While watching Breaking Bad last night, I practiced wire wrapping beads. They all looked like misshapen Dollar Store charms. I’m on a jewelry making bender. It’s off the hook. I have two tackle boxes full of vintage jewelry, several different pliers, and a stash of mixed metal sheets and wire.
I’ve spent a few months gathering vintage jewelry, assembling my supplies and reading books. I tried to make a couple of pieces, failing each time. Most of what I made didn’t even reach the level of sucky because I couldn’t get much together at all. I finally said uncle and signed up for a jewelry making class so I can get some guidance.
I went from passing fancy to obsessive fact finding.
My obsession with jewelry making has now reached a turning point. I have now learned enough that I understand how most jewelry is constructed. I know what the tools are. I’ve waded through the online resources to find a couple I like. My Pinterest boards are full of inspiration for future projects.
It’s time to move out of the hopeful land of fact finding where anything’s possible and every outcome is glorious.
Tuesday and Wednesday before this week’s class I made lots of notes and sketches. I tried to keep my ideas simple enough to execute without much drama. Still, my mind spun with the sheer possibility.
I made two things in class yesterday. They’re both awful.
One is a copper sun with an oblong body and rays that come out of the right and left side, but not all the way around. It looks like a diseased and bloated spider. My teacher even looked a little bit scandalized at the way the rays turned out.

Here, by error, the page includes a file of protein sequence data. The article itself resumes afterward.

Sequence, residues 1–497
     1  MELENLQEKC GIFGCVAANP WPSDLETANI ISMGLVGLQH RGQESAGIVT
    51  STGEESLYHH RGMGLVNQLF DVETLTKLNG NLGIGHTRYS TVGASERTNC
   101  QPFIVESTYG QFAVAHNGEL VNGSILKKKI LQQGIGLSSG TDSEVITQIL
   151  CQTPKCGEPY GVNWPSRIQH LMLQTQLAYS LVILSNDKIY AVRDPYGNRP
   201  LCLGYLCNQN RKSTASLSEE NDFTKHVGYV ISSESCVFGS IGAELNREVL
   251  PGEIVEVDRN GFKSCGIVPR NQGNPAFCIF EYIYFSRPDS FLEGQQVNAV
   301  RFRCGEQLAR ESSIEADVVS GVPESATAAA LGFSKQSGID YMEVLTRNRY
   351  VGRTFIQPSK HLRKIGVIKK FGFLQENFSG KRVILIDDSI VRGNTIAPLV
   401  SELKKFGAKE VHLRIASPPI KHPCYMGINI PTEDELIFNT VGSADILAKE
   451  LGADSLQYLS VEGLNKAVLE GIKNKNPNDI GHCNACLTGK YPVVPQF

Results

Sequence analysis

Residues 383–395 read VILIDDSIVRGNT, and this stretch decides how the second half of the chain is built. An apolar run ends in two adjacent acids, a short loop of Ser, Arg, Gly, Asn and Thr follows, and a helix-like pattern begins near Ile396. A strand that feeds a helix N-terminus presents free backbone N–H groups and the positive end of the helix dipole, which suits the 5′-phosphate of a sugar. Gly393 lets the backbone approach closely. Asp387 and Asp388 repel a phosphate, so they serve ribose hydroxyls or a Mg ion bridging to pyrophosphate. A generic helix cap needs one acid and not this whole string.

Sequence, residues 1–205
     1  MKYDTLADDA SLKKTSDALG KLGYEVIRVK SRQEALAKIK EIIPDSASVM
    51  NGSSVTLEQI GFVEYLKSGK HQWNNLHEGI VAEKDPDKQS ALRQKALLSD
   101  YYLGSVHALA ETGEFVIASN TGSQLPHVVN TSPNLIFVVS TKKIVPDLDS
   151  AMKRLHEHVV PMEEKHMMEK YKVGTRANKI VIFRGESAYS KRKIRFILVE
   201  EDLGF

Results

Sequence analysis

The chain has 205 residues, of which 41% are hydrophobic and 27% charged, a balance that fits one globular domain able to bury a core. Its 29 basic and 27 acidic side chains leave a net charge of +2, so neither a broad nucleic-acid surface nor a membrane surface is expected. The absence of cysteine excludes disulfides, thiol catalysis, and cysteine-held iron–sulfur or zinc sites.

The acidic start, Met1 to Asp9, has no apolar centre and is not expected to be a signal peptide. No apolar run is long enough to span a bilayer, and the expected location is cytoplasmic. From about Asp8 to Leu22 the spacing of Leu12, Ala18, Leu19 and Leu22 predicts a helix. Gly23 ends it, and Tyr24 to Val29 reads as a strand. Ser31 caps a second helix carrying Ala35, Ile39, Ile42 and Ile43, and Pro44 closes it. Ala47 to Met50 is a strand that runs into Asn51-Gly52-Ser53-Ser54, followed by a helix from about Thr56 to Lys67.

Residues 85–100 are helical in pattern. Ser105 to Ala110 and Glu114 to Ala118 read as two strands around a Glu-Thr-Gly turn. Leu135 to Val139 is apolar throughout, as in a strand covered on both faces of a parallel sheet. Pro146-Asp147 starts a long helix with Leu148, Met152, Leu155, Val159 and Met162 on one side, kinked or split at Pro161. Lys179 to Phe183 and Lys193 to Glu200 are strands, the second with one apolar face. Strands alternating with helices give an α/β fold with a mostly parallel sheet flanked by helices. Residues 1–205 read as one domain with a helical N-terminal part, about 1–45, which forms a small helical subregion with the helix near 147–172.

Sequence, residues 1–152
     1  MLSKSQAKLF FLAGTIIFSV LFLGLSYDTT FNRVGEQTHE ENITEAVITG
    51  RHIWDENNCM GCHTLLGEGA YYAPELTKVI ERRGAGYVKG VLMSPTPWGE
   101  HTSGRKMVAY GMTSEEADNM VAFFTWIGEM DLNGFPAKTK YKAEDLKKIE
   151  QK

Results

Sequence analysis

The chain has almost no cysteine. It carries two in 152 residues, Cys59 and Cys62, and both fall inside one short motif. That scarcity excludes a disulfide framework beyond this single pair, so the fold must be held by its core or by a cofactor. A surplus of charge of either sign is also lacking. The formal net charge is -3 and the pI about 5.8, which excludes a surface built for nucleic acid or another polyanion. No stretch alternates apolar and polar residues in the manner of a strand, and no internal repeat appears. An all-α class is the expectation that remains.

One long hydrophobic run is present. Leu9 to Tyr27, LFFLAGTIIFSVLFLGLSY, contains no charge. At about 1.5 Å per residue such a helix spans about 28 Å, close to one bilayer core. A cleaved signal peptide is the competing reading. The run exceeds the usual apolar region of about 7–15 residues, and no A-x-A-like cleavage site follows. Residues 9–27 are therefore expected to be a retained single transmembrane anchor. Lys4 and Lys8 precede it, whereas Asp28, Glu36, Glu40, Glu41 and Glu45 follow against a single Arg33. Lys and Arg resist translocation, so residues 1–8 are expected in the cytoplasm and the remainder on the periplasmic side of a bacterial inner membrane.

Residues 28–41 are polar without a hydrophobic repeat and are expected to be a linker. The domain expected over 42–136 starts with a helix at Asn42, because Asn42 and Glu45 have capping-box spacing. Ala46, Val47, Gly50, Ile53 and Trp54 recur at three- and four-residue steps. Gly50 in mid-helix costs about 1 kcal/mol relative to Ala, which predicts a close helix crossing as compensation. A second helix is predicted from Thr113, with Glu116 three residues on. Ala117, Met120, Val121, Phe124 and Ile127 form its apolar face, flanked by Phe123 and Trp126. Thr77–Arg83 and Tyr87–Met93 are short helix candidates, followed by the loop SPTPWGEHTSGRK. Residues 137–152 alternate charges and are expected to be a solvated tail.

The other piece is a small copper charm with the big dipper carved into it. It’s not as embarrassing as the bloated sun spider but it’s still not very good.
The chasm. It is monstrous. This monster kicks asses. And not in a “Kickass rah rah rah” kind of way.
The chasm between what’s in my head and what I can make with my hands is wider than the Grand Canyon. Larger than the stack of business books I’ve culled while building my business. Longer than my list of ideas for creative projects.
The monster shows up lots of ways. See if any of these are familiar:
A great idea for an online class to teach and then only 2 people sign up for it.
Deciding to train for a 5K and realizing that running sucks.
Planning out a novel and writing the most cliched first chapter you’ve ever heard of. It puts Anne Lamott’s shitty first draft theory to shame. What you wrote is the shamefullest of shittiest first drafts.
Psyching yourself up for a networking shindig, putting on your fancy duds and favorite underwear. And then getting there and when everyone is already paired up, leaving you alone in a room full of people much more together than you, you get the hell out of there.
Here’s your cure: Expect to suck.There’s holiness in sucking. Go there and wade in it.
It’s part of the deal. Go through the shallows to get to the deep goodness.
I will wire wrap beads until I can do it so it looks good.
I will create and teach classes knowing that what I teach and who I do it for is exactly as it should be. And that in 1 year I will teach with more competence and authority than I do now.
I will run through that painful first mile because the deep breath and sudden rush of ability that comes at mile 2 is worth all of it.
I will write a shitty draft, scrap it and repeat until I make something worth sharing.
What about you? What are you willing to suck at?